I’ve enjoyed contributing posts to the Big Government site. Through those, I have made a number of pleasant contacts with readers who have sent me e-mails. It’s also gratifying to write on people and issues that I consider significant.
I’ve noticed some trends in the comments on the site to my posts. First, I seem to draw out atheists. Now, I’ve hardly given an altar call; it seems all one needs to do is just mention God in a positive vein and venom will spew forth. A couple of comments were so obscene that the administrator had to remove them.
This experience has reemphasized to me that the coalition of people who want to reduce the size of government and get it back within its constitutional boundaries includes some who are motivated more by anger than anything else. Now, they are hardly the majority, but their presence and the extreme language they sometimes use is more of a detriment than an aid to the cause.
Another observation is that there are those who claim to be Christians and yet believe things that are antithetical to basic Christian faith. Again, I’m not surprised by this, but every time it rears its head, it is disappointing.
A case in point is my latest post, which dared to include a criticism of philosopher Ayn Rand. Actually, I was defending Whittaker Chambers’s critique of one of her novels, Atlas Shrugged. More than one commenter saw no problem uniting her philosophy with Christianity. The main reason for this is that she comes out on the side of the free market—as do I.
Yet Rand’s path for getting to this free-market position is not one that is compatible with Christian faith. First, Rand was an atheist. She loathed the idea of God. As an adherent of the philosopher Friedrich Nietzsche, she favored the idea of a race of supermen who would transcend traditional morality and create their own right and wrong. She also shared with Nietzsche his disdain for Christianity, which she called “the best kindergarten of communism possible.” Christian ethics, she said, were destructive of the self, making life “flat, gray, empty, lacking all beauty, all fire, all enthusiasm, all meaning, all creative urge.” She called for an ethic of selfishness instead.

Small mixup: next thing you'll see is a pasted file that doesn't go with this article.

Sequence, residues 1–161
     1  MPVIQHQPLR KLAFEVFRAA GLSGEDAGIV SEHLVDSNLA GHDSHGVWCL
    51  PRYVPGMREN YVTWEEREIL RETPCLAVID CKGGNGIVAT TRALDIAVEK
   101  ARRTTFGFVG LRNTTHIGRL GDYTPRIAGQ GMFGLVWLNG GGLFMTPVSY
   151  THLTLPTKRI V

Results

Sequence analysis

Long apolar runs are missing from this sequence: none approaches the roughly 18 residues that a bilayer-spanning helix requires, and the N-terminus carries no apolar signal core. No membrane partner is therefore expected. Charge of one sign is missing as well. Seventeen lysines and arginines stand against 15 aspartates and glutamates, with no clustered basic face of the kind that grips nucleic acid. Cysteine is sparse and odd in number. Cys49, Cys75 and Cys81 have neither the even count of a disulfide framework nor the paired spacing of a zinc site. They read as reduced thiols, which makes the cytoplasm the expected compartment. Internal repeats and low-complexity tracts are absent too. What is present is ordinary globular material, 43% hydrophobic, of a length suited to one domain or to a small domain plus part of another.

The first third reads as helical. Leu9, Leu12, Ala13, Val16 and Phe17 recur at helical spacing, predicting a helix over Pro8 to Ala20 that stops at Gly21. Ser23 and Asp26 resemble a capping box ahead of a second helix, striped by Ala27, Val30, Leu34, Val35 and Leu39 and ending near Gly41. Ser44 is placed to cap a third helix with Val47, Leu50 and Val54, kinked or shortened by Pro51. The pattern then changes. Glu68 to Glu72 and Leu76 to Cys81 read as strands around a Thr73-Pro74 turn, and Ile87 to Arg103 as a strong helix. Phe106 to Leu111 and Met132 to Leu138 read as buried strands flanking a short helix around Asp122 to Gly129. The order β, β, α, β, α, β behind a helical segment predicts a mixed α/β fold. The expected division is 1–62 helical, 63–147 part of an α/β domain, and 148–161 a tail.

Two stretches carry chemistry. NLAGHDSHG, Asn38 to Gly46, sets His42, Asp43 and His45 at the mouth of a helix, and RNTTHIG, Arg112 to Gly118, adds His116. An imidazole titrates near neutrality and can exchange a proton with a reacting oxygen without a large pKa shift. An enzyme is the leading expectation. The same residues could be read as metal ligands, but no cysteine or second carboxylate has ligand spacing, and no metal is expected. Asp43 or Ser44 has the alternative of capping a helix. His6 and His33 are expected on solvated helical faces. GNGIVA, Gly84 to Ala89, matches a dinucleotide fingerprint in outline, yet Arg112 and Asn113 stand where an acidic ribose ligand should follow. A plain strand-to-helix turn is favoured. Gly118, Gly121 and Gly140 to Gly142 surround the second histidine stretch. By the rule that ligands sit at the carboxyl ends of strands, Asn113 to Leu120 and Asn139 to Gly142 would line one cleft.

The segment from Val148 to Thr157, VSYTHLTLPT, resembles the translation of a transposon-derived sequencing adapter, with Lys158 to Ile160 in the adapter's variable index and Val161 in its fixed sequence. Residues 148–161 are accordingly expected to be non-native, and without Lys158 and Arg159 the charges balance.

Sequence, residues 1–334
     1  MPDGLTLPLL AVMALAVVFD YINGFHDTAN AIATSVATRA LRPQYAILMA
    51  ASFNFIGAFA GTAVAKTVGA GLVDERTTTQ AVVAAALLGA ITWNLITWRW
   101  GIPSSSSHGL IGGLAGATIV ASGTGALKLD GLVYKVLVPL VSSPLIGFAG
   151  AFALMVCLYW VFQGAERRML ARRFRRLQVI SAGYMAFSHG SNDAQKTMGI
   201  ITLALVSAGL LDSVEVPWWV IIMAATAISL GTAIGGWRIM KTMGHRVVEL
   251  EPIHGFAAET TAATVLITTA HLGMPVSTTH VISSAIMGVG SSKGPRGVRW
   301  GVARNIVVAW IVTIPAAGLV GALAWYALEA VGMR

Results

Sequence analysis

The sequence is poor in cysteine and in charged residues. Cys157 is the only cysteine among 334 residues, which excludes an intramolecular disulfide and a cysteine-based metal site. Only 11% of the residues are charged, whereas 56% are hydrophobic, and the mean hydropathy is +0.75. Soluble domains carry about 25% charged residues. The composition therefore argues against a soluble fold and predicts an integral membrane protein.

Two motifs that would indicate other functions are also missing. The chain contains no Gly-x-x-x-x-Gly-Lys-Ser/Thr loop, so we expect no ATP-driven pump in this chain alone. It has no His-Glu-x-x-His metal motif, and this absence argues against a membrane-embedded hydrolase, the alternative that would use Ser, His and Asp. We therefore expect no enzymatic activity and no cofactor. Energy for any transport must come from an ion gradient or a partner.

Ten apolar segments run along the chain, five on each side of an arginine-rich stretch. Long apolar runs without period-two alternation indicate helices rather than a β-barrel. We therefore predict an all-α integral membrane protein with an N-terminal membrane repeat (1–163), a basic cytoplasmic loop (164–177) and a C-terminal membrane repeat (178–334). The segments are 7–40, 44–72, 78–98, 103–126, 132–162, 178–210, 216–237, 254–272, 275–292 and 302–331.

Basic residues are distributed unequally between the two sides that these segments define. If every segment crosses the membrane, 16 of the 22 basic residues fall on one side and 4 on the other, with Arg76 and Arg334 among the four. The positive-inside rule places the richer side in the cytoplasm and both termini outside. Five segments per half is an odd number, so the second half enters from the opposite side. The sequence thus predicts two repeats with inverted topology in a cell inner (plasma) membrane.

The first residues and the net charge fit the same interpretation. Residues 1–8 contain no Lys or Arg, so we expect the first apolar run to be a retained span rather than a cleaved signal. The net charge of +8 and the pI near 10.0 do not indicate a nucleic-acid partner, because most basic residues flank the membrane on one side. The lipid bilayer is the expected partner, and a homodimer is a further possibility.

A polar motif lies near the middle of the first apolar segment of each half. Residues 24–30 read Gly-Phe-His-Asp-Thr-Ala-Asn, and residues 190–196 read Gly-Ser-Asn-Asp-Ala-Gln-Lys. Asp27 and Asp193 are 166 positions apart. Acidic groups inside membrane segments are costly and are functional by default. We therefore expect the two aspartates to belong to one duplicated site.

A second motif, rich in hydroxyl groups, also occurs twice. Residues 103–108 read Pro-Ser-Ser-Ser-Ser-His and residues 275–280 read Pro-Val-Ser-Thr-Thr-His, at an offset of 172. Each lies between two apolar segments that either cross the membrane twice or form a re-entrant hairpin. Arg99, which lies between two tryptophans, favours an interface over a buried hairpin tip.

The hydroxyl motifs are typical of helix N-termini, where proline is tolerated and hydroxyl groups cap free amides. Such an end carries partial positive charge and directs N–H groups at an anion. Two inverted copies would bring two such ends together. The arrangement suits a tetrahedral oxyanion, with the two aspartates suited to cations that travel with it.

Now, self-interest is one thing: I am to take care of that which is my own first; I am to give priority to family, etc. But that’s not the same thing as selfishness, which is the dethronement of God and the enthronement of oneself as god. In her personal life, she was sexually promiscuous and dictatorial in her manner. One biographer says “she was vituperative, without humor, and increasingly Stalinist in her behavior as she aged … in the jealous demands she exercised over those who formed what was in effect her cult.”
The word “cult” seems appropriate. Some of those who follow Rand’s teachings are devoted to her in a way that comes close to cult-like worship.
Rand may have been in favor of capitalism, but it really does matter how one arrives there. I do so on the basis of Biblical principles, not through an ethic of selfishness.
If you didn’t have the opportunity to read my post in Big Government, you can find it here:
I will continue to stand for Biblical principles as the basis for my analysis of our culture and our public policies. I hope to help others think things through on that basis as well.